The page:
January 14, 2014, by Lindsay Brooke
Rediscover the ancient Silk Road
A new photographic exhibition marking 100 years since archaeologist and explorer Aurel Stein documented the ancient remains on his travels along the Silk Road is being held at the Royal Geographical Society.
Mike Heffernan, Professor of Historical Geography at The University of Nottingham and coordinator of the research network that funded the exhibition, said: “Stein’s astonishing photographs of the ancient settlements of the Taklamakan define the very idea of remoteness – of lost worlds and ancient trading routes. The contemporary photographs provide a fascinating commentary on what has changed, and what has remained the same, in these extraordinary and vulnerable sites.”
Aurel Stein took thousands of photographs and a selection are displayed alongside contemporary photographs of the same sites.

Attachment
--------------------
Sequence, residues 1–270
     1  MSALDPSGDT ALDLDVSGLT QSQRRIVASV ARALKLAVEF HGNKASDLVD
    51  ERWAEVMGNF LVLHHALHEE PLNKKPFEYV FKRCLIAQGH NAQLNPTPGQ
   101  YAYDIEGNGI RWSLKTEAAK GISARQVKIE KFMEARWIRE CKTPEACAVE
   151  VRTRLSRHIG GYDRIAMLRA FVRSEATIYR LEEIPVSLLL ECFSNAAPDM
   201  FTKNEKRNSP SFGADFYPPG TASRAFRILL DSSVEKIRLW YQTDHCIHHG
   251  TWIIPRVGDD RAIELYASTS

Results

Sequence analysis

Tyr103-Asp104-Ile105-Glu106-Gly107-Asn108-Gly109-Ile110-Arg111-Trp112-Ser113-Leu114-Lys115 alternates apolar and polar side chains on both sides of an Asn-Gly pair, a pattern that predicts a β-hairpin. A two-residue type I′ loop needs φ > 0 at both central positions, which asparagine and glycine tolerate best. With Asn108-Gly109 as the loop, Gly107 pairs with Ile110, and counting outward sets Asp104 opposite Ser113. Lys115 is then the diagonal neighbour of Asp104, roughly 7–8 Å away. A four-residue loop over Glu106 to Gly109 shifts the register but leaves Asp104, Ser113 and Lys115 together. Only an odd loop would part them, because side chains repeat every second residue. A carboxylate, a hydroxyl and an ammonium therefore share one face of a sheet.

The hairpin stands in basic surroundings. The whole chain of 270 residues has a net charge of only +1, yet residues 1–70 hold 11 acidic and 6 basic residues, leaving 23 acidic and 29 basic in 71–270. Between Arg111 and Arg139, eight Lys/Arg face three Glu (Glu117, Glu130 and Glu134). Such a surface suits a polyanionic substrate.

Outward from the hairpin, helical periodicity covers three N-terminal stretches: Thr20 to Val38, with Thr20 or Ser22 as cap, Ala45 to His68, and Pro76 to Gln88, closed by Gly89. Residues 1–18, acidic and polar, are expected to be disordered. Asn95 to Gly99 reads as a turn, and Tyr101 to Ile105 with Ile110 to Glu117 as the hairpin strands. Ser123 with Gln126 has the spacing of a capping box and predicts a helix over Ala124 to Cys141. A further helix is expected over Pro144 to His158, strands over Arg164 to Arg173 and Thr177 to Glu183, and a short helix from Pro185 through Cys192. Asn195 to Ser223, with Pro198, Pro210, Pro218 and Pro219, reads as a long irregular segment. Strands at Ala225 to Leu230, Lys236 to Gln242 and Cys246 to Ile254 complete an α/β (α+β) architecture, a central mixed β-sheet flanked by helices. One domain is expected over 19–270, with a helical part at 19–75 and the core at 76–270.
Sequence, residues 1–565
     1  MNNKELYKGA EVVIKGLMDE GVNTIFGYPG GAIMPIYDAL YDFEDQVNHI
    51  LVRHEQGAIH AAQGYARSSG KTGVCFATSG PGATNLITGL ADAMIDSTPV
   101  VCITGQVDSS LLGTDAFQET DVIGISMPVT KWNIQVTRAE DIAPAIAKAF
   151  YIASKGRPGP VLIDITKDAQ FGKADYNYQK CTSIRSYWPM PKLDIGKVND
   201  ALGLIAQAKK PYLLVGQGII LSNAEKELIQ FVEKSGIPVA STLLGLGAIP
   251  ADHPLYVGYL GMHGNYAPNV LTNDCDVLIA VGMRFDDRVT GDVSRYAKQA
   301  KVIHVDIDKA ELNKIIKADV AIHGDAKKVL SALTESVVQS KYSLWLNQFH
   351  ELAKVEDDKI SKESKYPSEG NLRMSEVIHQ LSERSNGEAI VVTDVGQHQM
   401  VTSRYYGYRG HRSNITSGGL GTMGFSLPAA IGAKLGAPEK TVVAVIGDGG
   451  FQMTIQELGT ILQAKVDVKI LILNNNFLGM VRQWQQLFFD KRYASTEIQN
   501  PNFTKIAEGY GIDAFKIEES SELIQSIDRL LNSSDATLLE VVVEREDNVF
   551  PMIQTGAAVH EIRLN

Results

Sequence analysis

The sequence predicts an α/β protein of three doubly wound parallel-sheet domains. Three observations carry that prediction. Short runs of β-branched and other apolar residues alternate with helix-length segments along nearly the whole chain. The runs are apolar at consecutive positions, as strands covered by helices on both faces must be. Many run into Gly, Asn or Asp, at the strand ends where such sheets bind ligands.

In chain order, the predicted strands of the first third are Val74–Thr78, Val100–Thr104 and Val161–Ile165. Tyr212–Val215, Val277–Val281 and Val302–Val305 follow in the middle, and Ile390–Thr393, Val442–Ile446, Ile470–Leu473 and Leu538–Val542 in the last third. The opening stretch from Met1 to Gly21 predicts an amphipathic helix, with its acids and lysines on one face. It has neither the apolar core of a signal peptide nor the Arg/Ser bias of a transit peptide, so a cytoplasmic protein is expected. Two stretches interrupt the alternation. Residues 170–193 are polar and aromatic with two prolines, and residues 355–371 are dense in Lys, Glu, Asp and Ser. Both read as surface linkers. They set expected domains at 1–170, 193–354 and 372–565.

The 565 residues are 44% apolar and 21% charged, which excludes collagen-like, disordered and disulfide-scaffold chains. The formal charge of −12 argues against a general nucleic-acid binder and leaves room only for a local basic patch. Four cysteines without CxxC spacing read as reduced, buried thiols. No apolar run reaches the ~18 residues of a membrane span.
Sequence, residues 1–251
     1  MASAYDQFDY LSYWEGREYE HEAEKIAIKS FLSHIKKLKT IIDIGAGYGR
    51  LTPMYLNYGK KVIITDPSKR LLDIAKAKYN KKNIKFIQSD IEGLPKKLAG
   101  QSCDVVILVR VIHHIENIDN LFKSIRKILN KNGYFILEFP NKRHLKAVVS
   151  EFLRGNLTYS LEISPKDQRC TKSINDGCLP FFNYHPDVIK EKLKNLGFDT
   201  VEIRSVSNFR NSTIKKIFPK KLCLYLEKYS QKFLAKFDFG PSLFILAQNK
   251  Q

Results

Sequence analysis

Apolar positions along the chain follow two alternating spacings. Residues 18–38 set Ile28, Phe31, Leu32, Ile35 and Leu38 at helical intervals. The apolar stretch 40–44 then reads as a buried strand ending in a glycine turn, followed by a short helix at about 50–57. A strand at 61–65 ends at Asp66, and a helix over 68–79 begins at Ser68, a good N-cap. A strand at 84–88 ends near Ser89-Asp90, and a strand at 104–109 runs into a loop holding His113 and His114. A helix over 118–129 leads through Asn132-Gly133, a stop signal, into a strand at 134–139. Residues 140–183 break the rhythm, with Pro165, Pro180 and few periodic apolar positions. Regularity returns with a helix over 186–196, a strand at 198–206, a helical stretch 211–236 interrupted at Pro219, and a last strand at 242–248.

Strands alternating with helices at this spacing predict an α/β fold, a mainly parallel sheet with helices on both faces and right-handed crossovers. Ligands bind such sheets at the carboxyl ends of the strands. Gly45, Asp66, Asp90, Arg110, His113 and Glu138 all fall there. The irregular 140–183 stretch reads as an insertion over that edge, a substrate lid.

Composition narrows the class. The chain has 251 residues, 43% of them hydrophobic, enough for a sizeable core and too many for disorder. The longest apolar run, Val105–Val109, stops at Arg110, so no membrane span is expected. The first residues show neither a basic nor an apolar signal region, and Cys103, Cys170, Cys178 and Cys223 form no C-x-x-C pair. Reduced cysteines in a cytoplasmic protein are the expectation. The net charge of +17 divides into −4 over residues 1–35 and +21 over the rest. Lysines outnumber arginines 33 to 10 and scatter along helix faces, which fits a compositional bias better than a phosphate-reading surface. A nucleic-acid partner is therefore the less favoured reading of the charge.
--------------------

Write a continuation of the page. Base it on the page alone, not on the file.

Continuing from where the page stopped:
‘Aurel Stein and the Silk Road: a hundred years on’ at the Royal Geographical Society is open until Friday 14 February. It is curated and designed by Vic Swift of the British Library and marks the twentieth anniversary celebrations of the International Dunhuang Project (IDP) at the British Library.
The exhibition is supported by the Arts and Humanities Research Council (AHRC) and Hahnemühle FineArt (UK). It is the concluding event in the AHRC Research Network on ‘Re-Enacting the Silk Road’, directed by Mike Heffernan and Jean-Xavier Ridon from the University of Nottingham.
Picture credit: Rawak Stupa from above south-west wall. 17 September 1906. British Library